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Facebook Sued for Stifling Competition, Click Fraud




facebook2It’s a saga we’re all familiar with by now: create a pretty awesome web service, start a trend, become a media sweetheart, make lots of money (VC or acquisition), get slapped with a lawsuit. Or two. Or fifty billion. Facebook added two more lawsuits to its heap recently: a countersuit from Power.com and a click fraud proceeding.

Facebook filed suit against Power.com in December. Facebook claimed the one-stop social-media aggregator was infringing upon their copyright, violating their TOS and scraping proprietary data. At the time, we weren’t sure whether “proprietary data” included user information.

Power.com finally decided not to take this sitting down. TechCrunch reports that Power.com has now filed a countersuit, claiming Facebook is “unlawfully withholding the data that users own (as stated in Facebook’s own ToS), and is stifling competition by refusing to allow third party services like Power.com to access the data, among other things.”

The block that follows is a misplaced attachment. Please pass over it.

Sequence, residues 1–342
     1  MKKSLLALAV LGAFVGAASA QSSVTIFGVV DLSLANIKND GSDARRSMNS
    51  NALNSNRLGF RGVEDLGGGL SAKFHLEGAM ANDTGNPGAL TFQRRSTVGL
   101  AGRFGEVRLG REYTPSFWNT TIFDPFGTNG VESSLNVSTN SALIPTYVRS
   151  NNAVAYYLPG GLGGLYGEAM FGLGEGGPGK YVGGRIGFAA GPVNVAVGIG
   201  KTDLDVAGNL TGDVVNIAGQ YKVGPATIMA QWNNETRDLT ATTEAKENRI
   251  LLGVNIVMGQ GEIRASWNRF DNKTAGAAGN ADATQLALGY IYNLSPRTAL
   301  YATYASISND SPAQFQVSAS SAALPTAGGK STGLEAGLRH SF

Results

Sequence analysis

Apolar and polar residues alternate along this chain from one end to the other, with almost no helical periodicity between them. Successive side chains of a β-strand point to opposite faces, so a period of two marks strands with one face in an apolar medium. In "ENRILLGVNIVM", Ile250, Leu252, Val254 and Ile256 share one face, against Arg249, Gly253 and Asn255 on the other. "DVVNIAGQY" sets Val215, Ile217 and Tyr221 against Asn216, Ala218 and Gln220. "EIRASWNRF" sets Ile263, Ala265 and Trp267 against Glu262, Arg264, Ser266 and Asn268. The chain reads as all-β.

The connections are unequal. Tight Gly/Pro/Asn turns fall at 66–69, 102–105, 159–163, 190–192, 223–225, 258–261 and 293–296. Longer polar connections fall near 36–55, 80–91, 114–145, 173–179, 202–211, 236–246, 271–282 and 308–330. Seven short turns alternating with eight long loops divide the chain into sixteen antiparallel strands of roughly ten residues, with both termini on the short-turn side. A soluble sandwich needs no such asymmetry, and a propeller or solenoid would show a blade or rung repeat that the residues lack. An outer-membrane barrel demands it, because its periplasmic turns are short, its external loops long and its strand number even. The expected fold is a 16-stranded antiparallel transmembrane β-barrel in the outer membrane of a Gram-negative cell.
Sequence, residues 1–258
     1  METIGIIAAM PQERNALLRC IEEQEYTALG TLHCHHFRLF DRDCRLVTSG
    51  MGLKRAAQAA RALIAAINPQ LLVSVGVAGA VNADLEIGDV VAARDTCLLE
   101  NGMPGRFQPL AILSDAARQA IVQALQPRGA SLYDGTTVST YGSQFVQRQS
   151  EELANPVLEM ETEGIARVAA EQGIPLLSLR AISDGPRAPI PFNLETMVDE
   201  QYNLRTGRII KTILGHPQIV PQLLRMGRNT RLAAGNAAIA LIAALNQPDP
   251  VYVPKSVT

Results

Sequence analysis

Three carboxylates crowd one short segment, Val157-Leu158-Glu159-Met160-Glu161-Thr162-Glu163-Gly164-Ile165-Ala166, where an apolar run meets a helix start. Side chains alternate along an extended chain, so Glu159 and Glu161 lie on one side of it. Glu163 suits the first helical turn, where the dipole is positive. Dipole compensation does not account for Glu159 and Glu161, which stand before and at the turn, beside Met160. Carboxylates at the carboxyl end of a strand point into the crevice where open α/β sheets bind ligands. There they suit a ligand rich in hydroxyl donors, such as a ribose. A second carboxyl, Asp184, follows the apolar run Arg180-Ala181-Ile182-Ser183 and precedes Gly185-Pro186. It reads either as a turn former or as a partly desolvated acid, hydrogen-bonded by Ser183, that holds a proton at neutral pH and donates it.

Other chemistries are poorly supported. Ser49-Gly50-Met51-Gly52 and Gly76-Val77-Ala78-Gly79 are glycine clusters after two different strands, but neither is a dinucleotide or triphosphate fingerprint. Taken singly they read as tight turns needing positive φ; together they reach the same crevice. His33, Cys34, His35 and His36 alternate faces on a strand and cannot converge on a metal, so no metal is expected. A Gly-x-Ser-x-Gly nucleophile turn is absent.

Facebook also faces legal action from RootZoo, an erstwhile advertiser. After analytics from their Nov 2007-June 2008 campaign varied greatly from Facebook’s reported data, RootZoo requested Facebook’s logs and a refund. Facebook said no to both.

RootZoo’s complaint uses 2 June 2008 as an example of the discrepancies between the two. While Facebook reported 804 clicks on their ads, RootZoo’s analytics programs show 300 clicks from the social networking giant.

While there have been rumblings about Facebook click fraud for some time, this is the first suit in the matter.

What do you think? Does Facebook have anything to worry about from these legal claims against it? Is there anyway to avoid getting slapped with lawsuits once people see you’re making some money?

  • http://www.paulcampagna.com paul campagna

    If facebook is charging for 800 click and you are only getting 300 to your site, then you should be refunded. The same thing happens with google and they have measures in place to refund at least part of the click fraud money.

    I’m still not convinced google is even 75% accurate on their “refunded” click fraud money, but at least they can say they are doing something.

    Facebook will have to do the same, wether it is really that accurate or not.